Moray Council has moved to support local flood victims as frustrations build over insurance claims.
The council has made skips, sandbags and dehumidifiers available to people in Dallas and will hold a community meeting in the coming weeks “in the hope that lessons may be learned” from last week’s weather disaster.
Charles Gerrie, of Sonas, Dallas, said: “Since Tuesday, the council have been quite attentive, but on Monday — when they were really needed — there was just nobody on the ground at all up here.
“It was the neighbours and folk around about helping each other out.
“But since, they have been up with sandbags and skips.”
The sixty eight-year-old currently has a full house after daughter Emma, son-in-law John, and their three young children were evicted by extensive flood damage.
The family face a painful wait to hear their fate following the completion of an insurance investigation, according to Mr Gerrie.
He said: “They’re not doing very well.
“There’s still no word from the insurance about if the are going to pay for it or not.
“But, the accessor has been, they got dehumidifiers and they have been saving as much as they can themselves.
“They are just sitting waiting patiently to see what happens.
“It’s near a nightmare to understand what the insurance companies mean.
“When John took out this policy there was no mention of distance from the river.
“Now they are saying you have to be a quarter-of-a-mile away from a water source.
“I don’t think there is a house in Dallas that isn’t less than a quarter mile away from the river.”
When asked whether the council provided sufficient help, Duncan Garrow, 71, said: “I never saw them.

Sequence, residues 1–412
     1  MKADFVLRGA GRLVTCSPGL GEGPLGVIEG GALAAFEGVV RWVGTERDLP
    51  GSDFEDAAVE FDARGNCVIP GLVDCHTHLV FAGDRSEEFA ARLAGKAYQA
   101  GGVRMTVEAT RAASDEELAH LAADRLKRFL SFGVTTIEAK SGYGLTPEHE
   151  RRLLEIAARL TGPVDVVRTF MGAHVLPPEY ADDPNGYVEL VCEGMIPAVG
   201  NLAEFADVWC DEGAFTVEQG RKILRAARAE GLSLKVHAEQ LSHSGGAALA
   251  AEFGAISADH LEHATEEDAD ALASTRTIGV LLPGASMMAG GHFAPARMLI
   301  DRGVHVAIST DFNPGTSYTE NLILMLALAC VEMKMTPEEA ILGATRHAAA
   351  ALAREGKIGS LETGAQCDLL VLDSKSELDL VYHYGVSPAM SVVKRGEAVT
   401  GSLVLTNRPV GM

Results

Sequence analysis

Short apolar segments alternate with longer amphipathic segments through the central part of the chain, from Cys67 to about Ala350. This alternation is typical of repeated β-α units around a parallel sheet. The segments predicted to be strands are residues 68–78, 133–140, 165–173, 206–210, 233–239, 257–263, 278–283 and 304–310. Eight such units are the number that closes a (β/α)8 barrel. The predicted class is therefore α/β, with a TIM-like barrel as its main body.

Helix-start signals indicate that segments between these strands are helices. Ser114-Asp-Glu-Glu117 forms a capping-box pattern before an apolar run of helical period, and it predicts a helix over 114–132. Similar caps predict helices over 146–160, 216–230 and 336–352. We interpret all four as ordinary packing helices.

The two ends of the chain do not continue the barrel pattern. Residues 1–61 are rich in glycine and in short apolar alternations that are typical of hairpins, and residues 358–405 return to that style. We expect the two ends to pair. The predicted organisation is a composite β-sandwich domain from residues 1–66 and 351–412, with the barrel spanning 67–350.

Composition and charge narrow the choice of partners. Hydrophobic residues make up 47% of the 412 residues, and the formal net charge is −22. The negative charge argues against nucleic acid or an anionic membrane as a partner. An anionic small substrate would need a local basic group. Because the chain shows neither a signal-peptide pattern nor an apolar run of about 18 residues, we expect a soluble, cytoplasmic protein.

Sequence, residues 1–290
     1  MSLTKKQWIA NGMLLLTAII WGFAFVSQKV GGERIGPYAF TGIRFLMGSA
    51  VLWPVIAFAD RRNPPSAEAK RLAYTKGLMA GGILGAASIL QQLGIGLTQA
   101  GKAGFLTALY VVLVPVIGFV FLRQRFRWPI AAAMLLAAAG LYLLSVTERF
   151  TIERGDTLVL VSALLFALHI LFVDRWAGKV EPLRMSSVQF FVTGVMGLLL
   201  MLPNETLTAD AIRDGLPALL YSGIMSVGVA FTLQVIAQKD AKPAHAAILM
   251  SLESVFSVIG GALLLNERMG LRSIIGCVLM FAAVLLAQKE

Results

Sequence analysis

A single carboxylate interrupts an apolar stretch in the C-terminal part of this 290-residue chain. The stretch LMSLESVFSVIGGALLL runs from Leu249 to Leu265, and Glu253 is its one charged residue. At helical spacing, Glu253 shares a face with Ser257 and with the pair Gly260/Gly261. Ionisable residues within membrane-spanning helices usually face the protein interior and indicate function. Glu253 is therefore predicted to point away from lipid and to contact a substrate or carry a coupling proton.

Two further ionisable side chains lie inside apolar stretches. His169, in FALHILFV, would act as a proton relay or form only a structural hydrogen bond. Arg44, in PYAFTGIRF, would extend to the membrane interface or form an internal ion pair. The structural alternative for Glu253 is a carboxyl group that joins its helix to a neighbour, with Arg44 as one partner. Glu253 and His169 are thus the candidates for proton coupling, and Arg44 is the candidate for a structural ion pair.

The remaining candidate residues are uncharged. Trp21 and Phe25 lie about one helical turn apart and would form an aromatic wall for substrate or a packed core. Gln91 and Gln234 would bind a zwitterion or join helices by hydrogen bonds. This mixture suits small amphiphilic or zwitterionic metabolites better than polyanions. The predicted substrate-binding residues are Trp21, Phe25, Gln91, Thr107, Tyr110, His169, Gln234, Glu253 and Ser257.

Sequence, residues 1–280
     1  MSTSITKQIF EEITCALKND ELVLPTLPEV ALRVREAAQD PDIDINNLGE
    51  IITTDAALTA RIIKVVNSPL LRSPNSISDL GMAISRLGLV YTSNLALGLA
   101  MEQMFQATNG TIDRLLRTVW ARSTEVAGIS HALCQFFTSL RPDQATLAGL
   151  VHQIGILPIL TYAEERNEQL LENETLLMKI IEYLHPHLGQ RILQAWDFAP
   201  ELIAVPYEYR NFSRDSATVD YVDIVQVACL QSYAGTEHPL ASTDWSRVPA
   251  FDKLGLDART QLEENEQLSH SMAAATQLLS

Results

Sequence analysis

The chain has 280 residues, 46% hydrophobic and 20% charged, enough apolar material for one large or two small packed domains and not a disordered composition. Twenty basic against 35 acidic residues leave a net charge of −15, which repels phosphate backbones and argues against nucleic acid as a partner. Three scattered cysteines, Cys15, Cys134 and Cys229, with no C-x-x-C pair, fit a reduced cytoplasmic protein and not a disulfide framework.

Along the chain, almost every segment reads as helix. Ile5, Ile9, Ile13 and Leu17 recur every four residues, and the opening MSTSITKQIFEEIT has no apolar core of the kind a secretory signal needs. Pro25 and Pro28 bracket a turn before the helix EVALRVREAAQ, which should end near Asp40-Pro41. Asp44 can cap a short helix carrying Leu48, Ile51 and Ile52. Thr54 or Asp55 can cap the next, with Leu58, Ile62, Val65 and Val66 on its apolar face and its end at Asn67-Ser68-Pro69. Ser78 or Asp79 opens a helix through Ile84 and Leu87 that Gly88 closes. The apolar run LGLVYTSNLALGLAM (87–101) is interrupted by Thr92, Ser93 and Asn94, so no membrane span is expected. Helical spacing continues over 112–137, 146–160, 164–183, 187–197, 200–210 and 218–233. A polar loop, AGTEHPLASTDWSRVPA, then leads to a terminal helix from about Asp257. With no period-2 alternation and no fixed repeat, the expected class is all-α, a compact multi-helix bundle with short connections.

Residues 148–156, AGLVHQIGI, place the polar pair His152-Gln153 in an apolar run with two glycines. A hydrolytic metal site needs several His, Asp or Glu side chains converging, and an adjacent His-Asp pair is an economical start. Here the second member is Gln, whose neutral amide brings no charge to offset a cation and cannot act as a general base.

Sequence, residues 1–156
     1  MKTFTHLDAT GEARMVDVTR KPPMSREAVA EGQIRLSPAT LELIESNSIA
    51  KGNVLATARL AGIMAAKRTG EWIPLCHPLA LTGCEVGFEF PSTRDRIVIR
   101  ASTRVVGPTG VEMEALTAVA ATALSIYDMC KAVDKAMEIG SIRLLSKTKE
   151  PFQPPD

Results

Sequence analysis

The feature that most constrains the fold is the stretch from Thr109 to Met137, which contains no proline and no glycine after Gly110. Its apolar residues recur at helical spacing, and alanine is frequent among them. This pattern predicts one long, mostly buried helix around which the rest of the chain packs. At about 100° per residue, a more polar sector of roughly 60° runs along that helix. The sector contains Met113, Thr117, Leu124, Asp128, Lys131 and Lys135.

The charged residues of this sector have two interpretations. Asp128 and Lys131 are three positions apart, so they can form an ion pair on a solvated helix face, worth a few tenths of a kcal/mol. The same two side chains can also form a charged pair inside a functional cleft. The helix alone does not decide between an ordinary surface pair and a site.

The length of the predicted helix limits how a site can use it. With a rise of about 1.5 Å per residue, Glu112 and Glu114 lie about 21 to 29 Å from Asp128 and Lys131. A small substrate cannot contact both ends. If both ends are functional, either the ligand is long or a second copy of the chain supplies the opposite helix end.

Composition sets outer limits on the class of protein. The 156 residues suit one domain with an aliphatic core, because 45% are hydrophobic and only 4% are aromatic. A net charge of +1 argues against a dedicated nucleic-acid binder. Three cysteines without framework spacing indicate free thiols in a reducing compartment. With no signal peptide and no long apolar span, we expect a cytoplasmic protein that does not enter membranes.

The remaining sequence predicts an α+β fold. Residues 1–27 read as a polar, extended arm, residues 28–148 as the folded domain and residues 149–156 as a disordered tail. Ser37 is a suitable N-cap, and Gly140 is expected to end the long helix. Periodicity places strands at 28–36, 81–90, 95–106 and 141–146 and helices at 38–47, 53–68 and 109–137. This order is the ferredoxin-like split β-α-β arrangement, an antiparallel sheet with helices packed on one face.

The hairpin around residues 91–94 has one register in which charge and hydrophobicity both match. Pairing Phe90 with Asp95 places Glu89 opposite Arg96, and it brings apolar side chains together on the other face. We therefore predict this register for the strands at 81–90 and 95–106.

“They have been up with sandbags but nobody needs them now.
“But, they have been up with four or five skips too.
The Dallas Rifle Club member said the club used the council provisions to clean up, but that insurance was proving a problem for them too.
He said: “It turned out the only thing we didn’t have insurance for at the rifle club was flooding.
“The floor tiles we might manage to save, but the underlay is in the skip.
“All the houses in the High Street have used them, and they’re full of floors and carpets and the likes.”
Hector Hay, 60, of The Cottage, Dallas, said: “A lot of folk have been criticising the council, but they have done the best they can.
“They obviously couldn’t get here on Monday but they were out in force on Tuesday.
I can’t say that they could have done much more to be honest.
“We had a lot of water in the house, but we’ve got dehumidifiers and pumps and I think we survived pretty well, but we will probably find out as we go along.”
A council spokesman said: “We are making arrangements to meet the residents of Dallas to gather information, listen to their views and hear from them first-hand how events unfolded last Monday in the hope that lessons may be learned which may prove useful in the future.”
A representative from the Association of British Insurers was unavailable to comment.